A tense and gripping thriller with strong characters and outstanding performances, Netflix’s “Bird Box” has everyone talking — for good reason.
Susanne Bier’s Bird Box has taken the world (and the Internet) by storm, raising the audience’s expectations for the dystopian horror film. However, the Golden Globe and Oscar Winning Director exceeds said expectations, ensuring that the audience is gifted with a new and terrifying addition to Netflix’s collection of horror films.
After the world is consumed by an invisible race of monsters, a band of survivors lock themselves inside a suburban house as the human race is progressively wiped out. Their sight is their worst enemy as the monsters, upon being seen, produce the victim’s worse fear before the said victim is compelled to immediately commit suicide.
After five years in hiding, Mallorie (Sandra Bullock) takes a horrifying journey with her two children to a rumored safe haven. However, the journey requires her and children to be blindfolded while navigating the cruel elements — and also while facing the beasts that threaten their lives.
The characters in this film — both the lead and supporting cast — are among the film’s strongest assets. The characters were diverse, and none ever blended into the background, with each having their own purpose among the group.
Douglas is a continued source of tension among the survivors as the self-conceded and non-empathetic outlier. This is thanks to John Malkovich’s vivid and intense performance that ensures that Douglas is the perfect character for the audience to hate (in a good way). In contrast to Douglas, Tom presents himself as the level-headed and caring leader of the group, a performance Trevante Rhodes carries with an effortless grace — giving the viewers and the other characters light amongst the darkness.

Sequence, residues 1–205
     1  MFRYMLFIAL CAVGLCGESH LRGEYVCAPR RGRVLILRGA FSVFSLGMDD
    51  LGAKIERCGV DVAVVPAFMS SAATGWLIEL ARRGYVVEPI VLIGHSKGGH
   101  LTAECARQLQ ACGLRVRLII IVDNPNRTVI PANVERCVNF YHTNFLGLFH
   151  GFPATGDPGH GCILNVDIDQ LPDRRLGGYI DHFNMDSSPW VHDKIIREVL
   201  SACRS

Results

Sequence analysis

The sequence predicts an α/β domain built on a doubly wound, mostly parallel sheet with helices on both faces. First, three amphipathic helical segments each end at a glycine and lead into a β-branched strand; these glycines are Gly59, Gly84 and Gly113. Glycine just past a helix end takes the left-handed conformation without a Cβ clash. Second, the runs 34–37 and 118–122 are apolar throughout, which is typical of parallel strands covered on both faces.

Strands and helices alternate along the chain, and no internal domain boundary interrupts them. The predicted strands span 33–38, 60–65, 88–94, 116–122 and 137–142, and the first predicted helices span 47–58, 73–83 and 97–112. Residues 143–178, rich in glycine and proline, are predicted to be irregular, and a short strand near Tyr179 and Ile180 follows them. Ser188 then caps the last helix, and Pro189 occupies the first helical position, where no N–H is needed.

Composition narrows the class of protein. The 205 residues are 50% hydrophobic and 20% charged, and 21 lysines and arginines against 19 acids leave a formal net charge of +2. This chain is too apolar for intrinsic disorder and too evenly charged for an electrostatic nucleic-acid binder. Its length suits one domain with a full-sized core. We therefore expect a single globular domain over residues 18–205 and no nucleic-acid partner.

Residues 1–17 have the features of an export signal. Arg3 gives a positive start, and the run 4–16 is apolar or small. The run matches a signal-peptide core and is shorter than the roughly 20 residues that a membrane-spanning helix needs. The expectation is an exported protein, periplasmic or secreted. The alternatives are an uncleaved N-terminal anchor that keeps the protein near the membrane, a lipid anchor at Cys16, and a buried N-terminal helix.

Mallorie, on the other hand, is a difficult and complex character that is more caring than Douglas but isn’t as hopeful and warm as Tom. She is clever and inventive in her survival methods, such as using wire and string to trace her steps through new environments and using the birds to check when the monsters are near.
Mallorie’s journey through the dystopian world is very much a metaphor for her fear of motherhood, with the trip with the children reflecting her turning point from a cold-hearted and determined survivor to a patient and loving mother.
Bullock relays her character’s struggles with a vivid emotion that pulls the audience through the screen and directly into the boat with her. Her relatable protectiveness of the children and her desperation to survive allows for a look past her cold exterior and into the mind of a frightened and torn human being.
The journey from the suburbs to the supposed safe haven itself also applies more tension and mystery to the past narrative, as the audience attempts to fill in the gaps of what happened to Mallorie and the survivors between the two settings. The switch between these two storylines is additionally well paced, and the journey itself is horrific, as Mallorie is forced to battle the elements blindfolded while also protecting her vulnerable and helpless children.
Each scene places the trio in danger, while giving tiny hints to what had/is about to occur in the past timeline — capitalizing on Mallorie’s many weaknesses and disadvantages against the monsters.
Bird Box deserves the hype the Internet has bestowed upon it.
With a colorful cast of characters, impeccable and consistent acting, a unique storyline, productive delivery and scenes that send chills down the viewer’s spine, Netflix has a tremendous and well deserved hit on its hands.